I basically agree with your point 1, at least when it comes to normative ethical system-building.

I got the same piece of advice - to think about things in terms of "wants" rather than "shoulds" or "have tos" - from someone outside the LW bubble, but in the context of things like doing my tax returns.

Yeah, as a matter of fact I've been applying the "think in terms of wants" to things like tax returns as well, but I didn't want to get into that since it'd have been a different topic.

It's a little hard, since a lot of what I've learned about it is in the form of knowledge that's not very easy to communicate verbally. But I'll try, at least assuming that the positive effects keep up for long enough. (I have a rule of waiting for at least a month to see whether such effects really do persist, or whether it's just the initial excitement of finding a new thing that does it.)

Yes. One of the most amoral man I know, talks a lot about morality. I think he finds a good excuse for everything bad (necessary and moral from his POV), he has ever done.

I'm officially renouncing Effective Altruism for Ethical Egoism. But I'm also renouncing ethical egoism for this non-partisan approach to meta-ethics :)

there's no strong evidence to assume that this will give us very good insight to our preferred ethical theories,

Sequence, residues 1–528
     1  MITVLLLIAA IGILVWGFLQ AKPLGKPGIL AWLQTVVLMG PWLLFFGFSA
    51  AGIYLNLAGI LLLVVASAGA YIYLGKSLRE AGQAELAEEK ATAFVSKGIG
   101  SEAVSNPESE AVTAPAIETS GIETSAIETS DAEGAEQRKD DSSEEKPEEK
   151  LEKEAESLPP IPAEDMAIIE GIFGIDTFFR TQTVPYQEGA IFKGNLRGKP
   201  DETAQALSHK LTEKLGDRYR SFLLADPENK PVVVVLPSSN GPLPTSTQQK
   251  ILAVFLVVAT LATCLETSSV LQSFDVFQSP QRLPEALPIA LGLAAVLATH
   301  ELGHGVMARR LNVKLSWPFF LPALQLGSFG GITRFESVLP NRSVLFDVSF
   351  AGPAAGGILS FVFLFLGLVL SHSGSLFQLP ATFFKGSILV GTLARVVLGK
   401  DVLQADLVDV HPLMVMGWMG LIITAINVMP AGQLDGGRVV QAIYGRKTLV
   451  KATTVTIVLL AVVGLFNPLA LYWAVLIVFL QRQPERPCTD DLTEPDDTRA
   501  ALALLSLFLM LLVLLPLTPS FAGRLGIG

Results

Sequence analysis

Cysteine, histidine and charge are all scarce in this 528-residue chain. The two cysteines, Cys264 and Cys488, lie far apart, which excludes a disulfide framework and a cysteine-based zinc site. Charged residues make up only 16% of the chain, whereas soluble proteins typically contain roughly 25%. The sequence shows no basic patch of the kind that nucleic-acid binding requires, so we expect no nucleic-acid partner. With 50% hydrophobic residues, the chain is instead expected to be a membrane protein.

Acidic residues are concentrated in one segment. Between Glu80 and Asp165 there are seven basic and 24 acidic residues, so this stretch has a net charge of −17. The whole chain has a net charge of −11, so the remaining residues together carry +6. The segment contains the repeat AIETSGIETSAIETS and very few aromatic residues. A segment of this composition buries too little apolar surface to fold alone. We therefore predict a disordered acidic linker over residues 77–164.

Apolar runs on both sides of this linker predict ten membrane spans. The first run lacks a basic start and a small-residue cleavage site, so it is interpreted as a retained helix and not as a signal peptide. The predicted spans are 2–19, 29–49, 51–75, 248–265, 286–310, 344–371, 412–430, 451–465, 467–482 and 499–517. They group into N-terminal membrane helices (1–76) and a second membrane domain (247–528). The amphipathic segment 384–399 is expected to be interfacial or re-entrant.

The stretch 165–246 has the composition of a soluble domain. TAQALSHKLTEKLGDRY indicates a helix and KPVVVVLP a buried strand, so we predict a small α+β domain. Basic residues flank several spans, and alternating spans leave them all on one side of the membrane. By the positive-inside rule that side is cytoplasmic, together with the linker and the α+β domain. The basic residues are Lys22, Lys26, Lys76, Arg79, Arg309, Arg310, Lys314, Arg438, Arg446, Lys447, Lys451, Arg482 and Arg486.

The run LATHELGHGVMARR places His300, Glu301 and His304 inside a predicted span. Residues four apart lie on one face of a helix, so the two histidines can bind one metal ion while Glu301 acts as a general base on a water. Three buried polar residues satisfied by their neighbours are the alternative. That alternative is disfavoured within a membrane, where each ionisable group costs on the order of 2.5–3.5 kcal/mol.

It seems generally that you have decided that formal, logical, philosophical ethics is a map, and the territory is our feelings, would you agree?

I do think that all of philosophical ethics is an attept to make a map and that the territory is our intuitions. Moral philosophies are deductive systems with the rules deduced from moral statements which are only "true" to the extent that they represent how we feel about something.

A major problem with mapping the territory of our feelings is that our feelings don't follow the kind of consistency that lends them easily towards making a map. If one day I feel it is wrong to steal a candy bar, but the next day I feel it is wrong to deny me a candy bar, well that is how the feelings go. A "map" of that territory might try to tell me that one or the other of those feelings is wrong, but to the extent it does that it will not actually be a very good map.

We might certainly get caught in discussions of which of various imperfect mapping schemes is the best, but by what good reason can we deny we are mapping intuitions and that at various times my intuitions are at odds?

We are driven to be very obviously moral, it is more important to be seen to be moral than to actually be moral according to many many studies on the matter. And that drive is not something we are conscious of generally. It is hard for me to see a commitment to any kind of moral philosophy as much more than this: taking a public posture that clearly sets you up as appearing to be gigantically moral. To be so moral that you pursue moral rules to the most ethereal logical absurdities and then very publicly try to live that way.